What it is
The most common misconception is that blood clots only occur in the elderly or sick. But even young, healthy, and active people can develop blood clots. Particularly in those with undiagnosed underlying medical conditions that increase your risk of forming blood clots. —Dr. Chandra Manuelpillai
Pulmonary embolism (PE) is a blood clot in a blood vessel in the lungs. The blood clot prevents blood flow to that area of the lung. Though it can come from anywhere in the body, the blood clot most typically originates in the lower legs.
The clot may lead to difficulty breathing or a sharp chest pain that worsens when breathing deeply. In severe cases, the heart is strained.
If you think you have a pulmonary embolism, go to the ER immediately. It can be life-threatening.
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What are the warning signs of a pulmonary embolism?
The most common sign is difficulty breathing. It usually worsens when you are active. You may also feel sharp chest pain when breathing deeply.
The embolism can cause low oxygen levels, which can elevate heart rate and increase your breathing rate. You may also cough up blood.
In severe cases, this may lead to decreased blood pressure, dizziness, passing out, and even death.
You may also have symptoms of a deep vein thrombosis (DVT). Most blood clots that cause pulmonary embolism originate in the calf. Generally one leg may be swollen and hurt.
- Difficulty breathing, which often gets worse with activity
- Sharp chest pain that’s worse when taking deep breaths (pleuritic chest pain)
Other symptoms you may have
- Coughing up blood
- Elevated heart rate/palpitations
- Dizziness or passing out
- Increased breathing rate
- Pain and swelling in leg or calf (deep vein thrombosis)
What are the main causes of a pulmonary embolism?
Pulmonary embolisms are caused by blood clots. Sometimes it’s because an underlying medical issue makes you prone to clotting. Other times, blood clots form because of damage to the inner wall of a blood vessel.
The pulmonary embolism forms when a piece of the blood clot breaks off and travels to the lung, where it gets wedged. The embolism blocks blood flow to your lungs and can reduce oxygen throughout your body.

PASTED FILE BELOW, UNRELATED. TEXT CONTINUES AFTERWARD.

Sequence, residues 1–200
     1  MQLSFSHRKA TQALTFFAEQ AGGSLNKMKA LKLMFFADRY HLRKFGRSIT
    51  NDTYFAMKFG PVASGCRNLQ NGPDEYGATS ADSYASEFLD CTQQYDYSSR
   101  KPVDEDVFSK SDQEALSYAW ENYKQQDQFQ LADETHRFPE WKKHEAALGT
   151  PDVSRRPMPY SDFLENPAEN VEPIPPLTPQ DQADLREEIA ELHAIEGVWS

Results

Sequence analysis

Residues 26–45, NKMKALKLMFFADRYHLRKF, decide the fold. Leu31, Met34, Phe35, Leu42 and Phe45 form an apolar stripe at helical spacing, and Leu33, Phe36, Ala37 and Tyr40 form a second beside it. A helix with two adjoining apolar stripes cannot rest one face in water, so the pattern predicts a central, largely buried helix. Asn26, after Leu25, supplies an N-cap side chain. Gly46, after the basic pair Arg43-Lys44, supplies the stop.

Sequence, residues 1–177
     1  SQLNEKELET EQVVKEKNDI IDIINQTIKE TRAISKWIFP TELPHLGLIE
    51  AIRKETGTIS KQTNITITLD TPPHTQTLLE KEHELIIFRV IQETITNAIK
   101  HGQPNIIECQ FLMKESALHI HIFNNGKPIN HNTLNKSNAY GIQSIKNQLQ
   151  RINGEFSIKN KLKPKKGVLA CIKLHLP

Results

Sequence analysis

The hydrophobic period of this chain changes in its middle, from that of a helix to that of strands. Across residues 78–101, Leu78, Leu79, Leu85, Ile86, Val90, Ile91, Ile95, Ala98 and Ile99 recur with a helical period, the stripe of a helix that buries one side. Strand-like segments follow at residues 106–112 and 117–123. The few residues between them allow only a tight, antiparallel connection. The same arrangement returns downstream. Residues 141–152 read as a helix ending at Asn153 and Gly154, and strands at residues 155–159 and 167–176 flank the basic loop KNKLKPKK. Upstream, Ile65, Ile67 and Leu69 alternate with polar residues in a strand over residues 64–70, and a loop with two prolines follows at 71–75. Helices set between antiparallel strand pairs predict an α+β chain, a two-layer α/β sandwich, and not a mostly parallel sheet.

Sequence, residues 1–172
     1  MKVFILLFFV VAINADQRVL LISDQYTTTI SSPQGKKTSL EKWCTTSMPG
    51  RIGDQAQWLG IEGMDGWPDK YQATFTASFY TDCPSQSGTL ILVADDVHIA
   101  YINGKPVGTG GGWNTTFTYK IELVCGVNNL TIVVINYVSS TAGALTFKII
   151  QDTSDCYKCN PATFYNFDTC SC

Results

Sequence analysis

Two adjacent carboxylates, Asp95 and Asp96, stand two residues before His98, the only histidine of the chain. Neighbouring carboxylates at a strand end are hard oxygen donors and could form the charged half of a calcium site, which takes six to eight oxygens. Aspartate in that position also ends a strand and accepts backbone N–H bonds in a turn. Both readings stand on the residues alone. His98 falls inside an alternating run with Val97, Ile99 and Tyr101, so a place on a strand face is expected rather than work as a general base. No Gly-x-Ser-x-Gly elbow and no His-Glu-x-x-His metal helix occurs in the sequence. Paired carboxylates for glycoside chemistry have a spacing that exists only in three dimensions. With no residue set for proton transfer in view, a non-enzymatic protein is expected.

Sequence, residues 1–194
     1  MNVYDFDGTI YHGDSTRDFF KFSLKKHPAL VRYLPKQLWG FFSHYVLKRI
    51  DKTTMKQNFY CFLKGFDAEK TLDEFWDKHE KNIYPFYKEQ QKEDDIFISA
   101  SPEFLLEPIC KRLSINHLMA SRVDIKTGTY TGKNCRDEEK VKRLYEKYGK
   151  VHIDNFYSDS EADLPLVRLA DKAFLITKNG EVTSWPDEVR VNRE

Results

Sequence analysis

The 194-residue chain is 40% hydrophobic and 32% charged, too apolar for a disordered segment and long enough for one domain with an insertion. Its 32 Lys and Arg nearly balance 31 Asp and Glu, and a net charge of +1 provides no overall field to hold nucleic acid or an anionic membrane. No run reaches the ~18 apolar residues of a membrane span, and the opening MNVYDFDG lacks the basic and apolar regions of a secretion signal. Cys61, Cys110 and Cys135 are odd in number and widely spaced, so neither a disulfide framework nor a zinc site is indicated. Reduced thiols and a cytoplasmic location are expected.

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Treatment for a pulmonary embolism
Treatment depends on the cause, size, and locations of the blood clot. And symptoms. The goal of treatment is to break up the clot, keep it from worsening, and prevent new ones.
After being diagnosed with a pulmonary embolism, further imaging may be needed, including an ultrasound of your legs to look for a blood clot. And possibly a heart ultrasound (ECHO) to determine if the blood clot is causing strain on the heart. You may need to repeat imaging after treatment to confirm there aren’t any blood clots.
Once you have had a pulmonary embolism, you are at increased risk for it happening again. It is important to have additional testing—including genetic testing—to determine your future risk for blood clots and pulmonary embolisms.
You may need to take blood thinners (anticoagulation medications) like warfarin, rivaroxaban, or apixaban for about three months. These medications help prevent new clots.
Blood clots cannot be treated or prevented without thinning out the blood, which decreases your body’s ability to form clots and prevent bleeding when injured. This is not usually a problem with simple cuts or injuries. But it is very important to contact your doctor or go to the ER if you have any traumas or falls while on blood thinners. You want to make sure you are not having internal bleeding. —Dr. Manuelpillai
If symptoms are more severe, you may be prescribed stronger medications such as a thrombolytic, which breaks up or dissolves a clot. You may need a procedure where a medication is given intravenously or injected directly at the site of your clot. Or have surgery to remove the clot (thrombectomy/embolectomy).
If you are not able to be on blood-thinning medications, you may need a filter surgically placed in your large vein (inferior vena cava) next to the heart. The filter catches any clots to prevent them from traveling to your lungs and causing a pulmonary embolism.
Risk factors for pulmonary embolism
- Certain medical conditions increase your risk of forming blood clots. These include cancer (both the disease and the treatment can increase risk), stroke, and pregnancy and the postpartum period (up to 6 weeks after giving birth).
- Clotting syndromes including Factor V Leiden, lupus, and antiphospholipid syndrome.
- Previous blood clot or pulmonary embolism.
- Certain medications including hormone replacement treatment, birth control pills, chemotherapy, or palliative care (because of limited mobility and other risk factors).
- Being in a wheelchair.
- Recent travel with long periods of sitting within the last three days (like driving a truck and long flights).
- Surgery within the last month, particularly if it required general anesthesia.
- Having a cast on the long bone of the leg (tibia).
- Certain lifestyle conditions, including smoking and obesity.
- Being age 50 or older.
How serious is a pulmonary embolism?
If you think you may have a pulmonary embolism, go to the ER. Call 911 if you are having significant difficulty breathing, chest pain, or dizziness.
If a pulmonary embolism is suspected, you will probably have a computed tomography (CT) scan of the chest and/or nuclear lung (VQ) scan. You may need to be hospitalized. But if symptoms seem mild, you can be treated at home.
Can a pulmonary embolism be prevented?
If a medication increases your risk for PE, ask your doctor about other possible options.
Increase activity during long stretches of traveling or sitting—take walking breaks, even if just pacing the aisle on a plane.
Compression socks can increase blood flow and reduce leg swelling.